That this particular surgeon has chosen his nom de blog based on a rather cranky and arrogant computer shaped like a clear box of blinking lights that he originally encountered when he became a fan of a 35 year old British SF television show whose special effects were renowned for their BBC/Doctor Who-style low budget look, but whose stories nonetheless resulted in some of the best, most innovative science fiction ever televised, should tell you nearly all that you need to know about Orac. (That, and the length of the preceding sentence.)

DISCLAIMER:: The various written meanderings here are the opinions of Orac and Orac alone, written on his own time. They should never be construed as representing the opinions of any other person or entity, especially Orac's cancer center, department of surgery, medical school, or university. Also note that Orac is nonpartisan; he is more than willing to criticize the statements of anyone, regardless of of political leanings, if that anyone advocates pseudoscience or quackery. Finally, medical commentary is not to be construed in any way as medical advice.

To contact Orac: [email protected]

35 replies on “FLCCC co-founder Paul Marik has gone full cancer quack”

There goes another irony-meter.
Logic and Science?
Those people wouldn’t recognise logic and science if it bit them in their…

Do all supervillains think they are superheroes? Certainly most, but who knows what Pol Pot thought of himself.

Do all supervillians think of themselves as superheroes ? Most certainly, but who knows what Pol Pot thought of himself?

I read a book about leaders who were monsters, Pol Pot being one of them.
As I understood it, when he was in power, he was convinced he was doing the right thing. After he was deposed? Maybe he realised he wasn’t the good person he believed himself to be.

At least Trump’s fans know the truth, even if they don’t admit to themselves – they portray Trump as Thanos, at the moment when Thanos impotently attempts to kill everyone in the universe: in other words, at the moment when his permanent defeat is seconds away.

Adolf also thought he was doing the world a favor. The idea that villains are a Doctor Evil intentionally being mean is rarely real. Our ability to rationalize seems endless.

The antivaxxers think they’re helping people by discouraging immunizations. One I knew until this May was totally convinced of her goodness and accuracy … but didn’t live long after contracting Covid. Sometimes bad choices have bad results.

I’m glad to see the cancer is complicated charts again- which are good references for alties who promote simplistic ideas about cancer aetiology/ treatment revealing the depths of their ignorance.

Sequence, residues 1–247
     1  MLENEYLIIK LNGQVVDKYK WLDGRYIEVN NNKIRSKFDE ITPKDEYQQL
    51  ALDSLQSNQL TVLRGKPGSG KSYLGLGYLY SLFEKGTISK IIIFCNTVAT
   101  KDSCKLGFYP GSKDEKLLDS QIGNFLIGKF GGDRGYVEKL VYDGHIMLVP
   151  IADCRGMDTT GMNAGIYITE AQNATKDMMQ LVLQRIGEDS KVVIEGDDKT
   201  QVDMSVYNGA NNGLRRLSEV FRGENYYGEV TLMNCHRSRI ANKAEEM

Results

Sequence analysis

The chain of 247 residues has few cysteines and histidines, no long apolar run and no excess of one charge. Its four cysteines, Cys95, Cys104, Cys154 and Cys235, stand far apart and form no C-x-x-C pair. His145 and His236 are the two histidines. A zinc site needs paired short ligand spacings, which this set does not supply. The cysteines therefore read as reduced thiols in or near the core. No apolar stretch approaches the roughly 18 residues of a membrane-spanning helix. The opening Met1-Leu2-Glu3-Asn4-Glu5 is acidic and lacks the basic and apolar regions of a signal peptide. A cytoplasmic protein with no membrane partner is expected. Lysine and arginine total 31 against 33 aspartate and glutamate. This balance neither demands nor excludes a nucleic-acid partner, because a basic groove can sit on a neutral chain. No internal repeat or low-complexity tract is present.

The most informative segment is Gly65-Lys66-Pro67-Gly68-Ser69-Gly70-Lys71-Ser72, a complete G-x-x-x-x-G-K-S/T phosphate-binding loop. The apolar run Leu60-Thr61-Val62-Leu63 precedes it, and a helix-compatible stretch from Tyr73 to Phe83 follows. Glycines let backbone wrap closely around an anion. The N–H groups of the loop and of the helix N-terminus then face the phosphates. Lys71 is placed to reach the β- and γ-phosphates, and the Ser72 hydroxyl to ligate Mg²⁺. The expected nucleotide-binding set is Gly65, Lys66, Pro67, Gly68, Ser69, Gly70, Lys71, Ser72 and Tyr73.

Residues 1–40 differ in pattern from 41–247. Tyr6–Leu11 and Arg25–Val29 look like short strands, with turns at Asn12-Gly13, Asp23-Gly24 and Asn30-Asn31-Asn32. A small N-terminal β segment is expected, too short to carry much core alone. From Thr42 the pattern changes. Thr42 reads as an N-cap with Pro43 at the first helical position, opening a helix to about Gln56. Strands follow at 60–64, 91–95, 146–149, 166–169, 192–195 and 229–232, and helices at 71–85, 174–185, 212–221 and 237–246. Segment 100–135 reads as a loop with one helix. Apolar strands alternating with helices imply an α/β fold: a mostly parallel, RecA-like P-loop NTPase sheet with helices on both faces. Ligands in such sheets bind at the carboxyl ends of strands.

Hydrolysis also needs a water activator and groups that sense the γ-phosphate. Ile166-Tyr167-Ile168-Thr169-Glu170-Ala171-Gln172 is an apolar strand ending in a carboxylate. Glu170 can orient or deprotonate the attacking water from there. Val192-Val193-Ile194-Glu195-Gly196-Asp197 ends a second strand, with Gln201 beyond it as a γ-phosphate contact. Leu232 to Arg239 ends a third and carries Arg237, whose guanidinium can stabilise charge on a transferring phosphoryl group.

However, information like this doesn’t function easily as the basis of internet video rants and BS articles/books.

One of the problems for sceptics is that reality isn’t simple and I doubt that many alties will spend the prerequisite time/ effort to understand what Orac discusses. Saying “science is corrupt” is much easier.

They obviously don’t want to do the hard work of testing one of these drugs to see if it really works to treat any kind of cancer. In true sCAM fashion, they just make hand-waving claims and go to market.

But is there even a plausible reason why an anti-parasite drug like ivermectin might even work for that?

At least we are finding out that osteltamivir (which is an anti-viral and tested against the flu virus) works pretty well to treat conjunctivitis in dairy workers who catch avian influenza from infected cattle. But if that hadn’t worked, we might have tried a different anti-viral.

Well Ivermectin improves the symptoms of COVID, if you happen to also have worms that is.

I have seen one or two well-written papers from, I believe, Bangladesh where Ivermectin did seem to help. Someone then pointed out that intestinal parasites are more common in Indian subcontinent than they would be in North America or Europe.

I’ve read about virus deniers who imbibe bleach and poop out parts of their intestines and then think they’ve excreted a tapeworm. We definitely need to improve our educational systems. The delusion that parasites cause all diseases is part of the ivermectin qult.

We definitely need to improve our educational systems.

No doubt governments need to be funding education at all levels at much higher rates and the influence of business and sports removed from higher ed. But remember: Reagan and the right began attacking not only the function of education but planting the seeds of dismissing the views of experts back in the 80s. That’s only ramped up since, and we’re seeing the results of their work now.

Also worth noting Project 2025 calls for abolishing the Department of Education.

If there was evidence that it did work, explanations could come later.

But as you say, the people promoting those “repurposed” drugs aren’t bothering to investigate whether they work, much less how, because that sort of research takes time and money. Worse (for them) it might produce headlines about patients and their families being sadly disappointed that it didn’t help.